Different Clinicopathological Profiles of HPV-positive versus HPV-negative Oropharyngeal Squamous Cell Carcinomas, with the Complicating Factor of Smoking: the USC Experience

Presentation: C042
Topic: Pharynx / Larynx Cancer
Type: Poster
Date: Thursday, April 19, 2018
Session: 9:00 AM - 7:00 PM
Authors: Changxing Liu, MD, PhD, Uttam K Sinha, MD, Niels Kokot, MD
Institution(s): USC Tina and Rick Caruso Department of Otolaryngology-Head and Neck Surgery, Keck Medicine of USC, University of Southern California

Introduction: HPV-positive and HPV-negative oropharyngeal squamous cell carcinomas are two distinct cancers, with HPV-positivity conferring a better prognosis. Smoking status is a complicating factor. There have been scattered literatures on incomplete information regarding the profiles of their patient population. Details including age and gender distributions, TNM staging, histology grading, recurrence time and types, and death rates have been reported incompletely. We explored all the the important clinical profiles of HPV-negative OPSCC, HPV-positive OPSCC in smokers and nonsmokers at our university medical centers.

Objective: To compare detailed clinical profiles of HPV-negative OPSCC and HPV-positive OPSCC in both smokers and nonsmokers. They include patients’ age and gender distribution, comorbidities, histology grading, TNM staging, perineural invasion(PNI) and lymphovascular invasion(LVI), extracapsular extension(ECE), recurrence rate and types, and death rates. We divided HPV-positive OPSCC into smokers and nonsmokers, and compared the different clinical profiles between them to give a better idea of the complicating role of smoking in the development of OPSCC.

Methods: All OPSCC patients at USC tertiary care hospitals from June 2009-July 2015 were retrospectively reviewed. The primary outcome measure was post-treatment two-year follow-up status (locoregional recurrence, distant recurrence, death rate). Other measures included HPV status, smoking history, age, gender, comorbidities, tumor size, nodal and distant metastases, LVI, PNI, ECE, and tumor grade.

Results: 202 OPSCC patients were identified and categorized into three groups: HPV-negative OPSCC group (HPV-), HPV-positive smoker group (HPV+SMK+), and HPV-positive nonsmoker group (HPV+SMK-). HPV- patients are older (61.1±11.6yo) than the other groups. The HPV- group has the highest percentage of females (22.7%), with more comorbidities than the other groups. Grade 2 is the most common grade for HPV- patients, whereas grade 3 is the most common grade for other groups. PNI and LVI are positive at ~40% for all groups, but ECM is very common for HPV- OPSCC(86.7%), which is significantly higher than other groups. There was no difference of bilateral neck metastases. Although HPV+SMK- and HPV+SMK+ patients have relatively lower T stages and higher N stages, there is no significant difference. HPV+SMK- group has the highest TNM stages. All death rates and recurrence rates increase with time, the death rate of HPV- group is 4 times higher than the HPV+SMK+ group and 6 times higher than the HPV+SMK+ group. The major recurrence type of HPV- OPSCC and HPV+SMK+ is locoregional, but it's distant metastasis for the HPV+SMK+ group.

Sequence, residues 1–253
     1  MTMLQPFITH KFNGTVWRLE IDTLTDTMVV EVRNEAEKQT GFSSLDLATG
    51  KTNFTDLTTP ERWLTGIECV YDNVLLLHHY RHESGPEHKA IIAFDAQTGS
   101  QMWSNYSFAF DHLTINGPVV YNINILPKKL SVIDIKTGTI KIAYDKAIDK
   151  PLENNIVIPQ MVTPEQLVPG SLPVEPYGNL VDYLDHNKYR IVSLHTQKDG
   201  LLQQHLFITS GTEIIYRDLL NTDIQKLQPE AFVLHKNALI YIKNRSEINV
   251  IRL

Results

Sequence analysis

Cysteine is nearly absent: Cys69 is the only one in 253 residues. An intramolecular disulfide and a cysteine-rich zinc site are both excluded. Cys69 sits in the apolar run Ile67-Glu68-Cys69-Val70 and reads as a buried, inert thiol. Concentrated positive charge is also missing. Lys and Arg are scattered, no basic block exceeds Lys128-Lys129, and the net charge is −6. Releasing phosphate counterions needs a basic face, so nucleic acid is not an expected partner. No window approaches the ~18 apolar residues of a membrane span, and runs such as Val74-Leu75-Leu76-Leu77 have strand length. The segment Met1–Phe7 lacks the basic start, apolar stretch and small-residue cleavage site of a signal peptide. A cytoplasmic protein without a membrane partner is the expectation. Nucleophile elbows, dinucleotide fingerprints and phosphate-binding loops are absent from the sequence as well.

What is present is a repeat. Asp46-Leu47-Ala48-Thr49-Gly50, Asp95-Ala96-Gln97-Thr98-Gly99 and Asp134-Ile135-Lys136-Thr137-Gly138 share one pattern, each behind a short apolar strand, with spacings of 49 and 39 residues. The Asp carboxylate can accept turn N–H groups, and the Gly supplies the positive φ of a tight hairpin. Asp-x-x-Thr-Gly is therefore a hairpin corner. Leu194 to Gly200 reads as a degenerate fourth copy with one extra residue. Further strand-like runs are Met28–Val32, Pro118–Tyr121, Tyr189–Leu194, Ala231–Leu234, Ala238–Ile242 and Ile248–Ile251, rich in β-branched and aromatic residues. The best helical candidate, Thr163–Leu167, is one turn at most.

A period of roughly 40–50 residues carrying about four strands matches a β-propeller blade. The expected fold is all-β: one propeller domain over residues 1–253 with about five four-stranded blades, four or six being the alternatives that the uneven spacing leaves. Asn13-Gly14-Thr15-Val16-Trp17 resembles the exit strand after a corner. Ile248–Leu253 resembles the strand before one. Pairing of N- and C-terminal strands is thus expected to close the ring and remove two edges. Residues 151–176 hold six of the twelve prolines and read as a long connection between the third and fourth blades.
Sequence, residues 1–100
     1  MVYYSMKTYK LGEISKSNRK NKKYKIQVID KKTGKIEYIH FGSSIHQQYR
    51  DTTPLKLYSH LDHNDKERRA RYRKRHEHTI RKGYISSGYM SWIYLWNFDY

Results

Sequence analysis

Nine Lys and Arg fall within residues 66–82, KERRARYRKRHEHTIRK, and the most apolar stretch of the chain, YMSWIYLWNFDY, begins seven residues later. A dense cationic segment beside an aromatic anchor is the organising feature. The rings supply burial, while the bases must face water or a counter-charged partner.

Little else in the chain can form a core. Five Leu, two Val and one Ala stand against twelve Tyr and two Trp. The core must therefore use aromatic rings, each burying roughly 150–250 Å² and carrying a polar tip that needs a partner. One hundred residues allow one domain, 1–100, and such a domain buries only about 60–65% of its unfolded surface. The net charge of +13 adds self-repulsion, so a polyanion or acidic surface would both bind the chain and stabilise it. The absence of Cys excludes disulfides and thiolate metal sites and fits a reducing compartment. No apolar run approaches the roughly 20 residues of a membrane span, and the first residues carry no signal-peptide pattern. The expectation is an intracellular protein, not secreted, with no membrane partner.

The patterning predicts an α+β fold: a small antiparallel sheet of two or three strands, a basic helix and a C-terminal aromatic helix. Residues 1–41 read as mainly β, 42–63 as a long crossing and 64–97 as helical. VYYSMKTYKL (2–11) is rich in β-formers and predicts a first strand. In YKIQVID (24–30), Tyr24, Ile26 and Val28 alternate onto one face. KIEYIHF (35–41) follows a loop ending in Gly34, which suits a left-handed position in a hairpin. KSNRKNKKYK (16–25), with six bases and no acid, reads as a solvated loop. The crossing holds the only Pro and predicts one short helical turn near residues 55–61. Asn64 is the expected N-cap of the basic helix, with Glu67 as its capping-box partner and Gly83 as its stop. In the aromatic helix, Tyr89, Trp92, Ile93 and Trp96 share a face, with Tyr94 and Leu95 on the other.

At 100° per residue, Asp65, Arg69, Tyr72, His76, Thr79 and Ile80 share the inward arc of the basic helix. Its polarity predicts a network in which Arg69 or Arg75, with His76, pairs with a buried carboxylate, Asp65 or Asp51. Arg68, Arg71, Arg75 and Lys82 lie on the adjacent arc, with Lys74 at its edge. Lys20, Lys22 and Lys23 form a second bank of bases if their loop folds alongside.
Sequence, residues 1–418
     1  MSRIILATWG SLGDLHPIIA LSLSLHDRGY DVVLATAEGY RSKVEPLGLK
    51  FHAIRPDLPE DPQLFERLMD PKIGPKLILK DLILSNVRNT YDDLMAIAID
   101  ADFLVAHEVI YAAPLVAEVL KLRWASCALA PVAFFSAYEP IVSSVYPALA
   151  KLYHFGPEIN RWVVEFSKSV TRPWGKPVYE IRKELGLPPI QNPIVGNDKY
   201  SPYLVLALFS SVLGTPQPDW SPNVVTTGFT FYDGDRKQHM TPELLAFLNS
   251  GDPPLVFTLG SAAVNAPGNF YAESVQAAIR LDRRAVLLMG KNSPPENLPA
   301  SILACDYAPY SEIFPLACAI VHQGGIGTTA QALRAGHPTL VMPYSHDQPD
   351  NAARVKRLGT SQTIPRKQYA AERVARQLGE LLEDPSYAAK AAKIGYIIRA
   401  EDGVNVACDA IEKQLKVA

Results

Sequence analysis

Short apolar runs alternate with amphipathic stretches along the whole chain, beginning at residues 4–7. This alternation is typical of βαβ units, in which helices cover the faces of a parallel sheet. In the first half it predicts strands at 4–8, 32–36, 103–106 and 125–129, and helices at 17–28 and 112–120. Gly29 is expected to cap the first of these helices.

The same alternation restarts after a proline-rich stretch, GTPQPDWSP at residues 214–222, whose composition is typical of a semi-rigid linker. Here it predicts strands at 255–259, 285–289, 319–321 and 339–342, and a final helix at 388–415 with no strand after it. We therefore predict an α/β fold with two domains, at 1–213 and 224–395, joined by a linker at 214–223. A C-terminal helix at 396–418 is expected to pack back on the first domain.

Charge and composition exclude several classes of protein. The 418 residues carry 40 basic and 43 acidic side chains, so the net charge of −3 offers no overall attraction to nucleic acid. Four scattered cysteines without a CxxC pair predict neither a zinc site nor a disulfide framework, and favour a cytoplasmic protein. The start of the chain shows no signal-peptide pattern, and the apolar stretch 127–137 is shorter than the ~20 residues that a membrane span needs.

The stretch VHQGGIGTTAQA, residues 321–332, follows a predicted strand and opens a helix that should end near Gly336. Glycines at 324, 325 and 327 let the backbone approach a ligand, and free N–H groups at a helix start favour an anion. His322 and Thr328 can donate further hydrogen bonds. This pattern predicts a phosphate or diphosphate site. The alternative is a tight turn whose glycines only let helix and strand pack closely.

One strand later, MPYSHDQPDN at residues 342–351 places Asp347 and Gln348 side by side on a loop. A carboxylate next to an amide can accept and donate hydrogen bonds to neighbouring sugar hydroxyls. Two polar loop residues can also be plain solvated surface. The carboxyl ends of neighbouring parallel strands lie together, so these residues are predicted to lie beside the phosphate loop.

Conclusions: Although HPV-negative OPSCC presents at an earlier stage, compared to HPV+ OPSCC, its prognosis is worse. HPV-positive OPSCC cells are more mobile, metastasizing sooner and further. HPV-negative OPSCC cells are more infiltrative, leading to more locoregional recurrence. HPV-positive patients are younger and healthier at diagnosis, with tendency to be histologically higher grades. Metastatic and recurrent patterns are different between HPV-positive and HPV-negative patients. The death rate of HPV-negative patients is higher, mainly due to locoregional recurrences. Smoking is a significant complicating factor for HPV-positive OPSCC, by making the death rate, recurrence rate, histology grade, and TNM staging shift towards HPV-negative OPSCC. The complicating role of smoking deserves more research.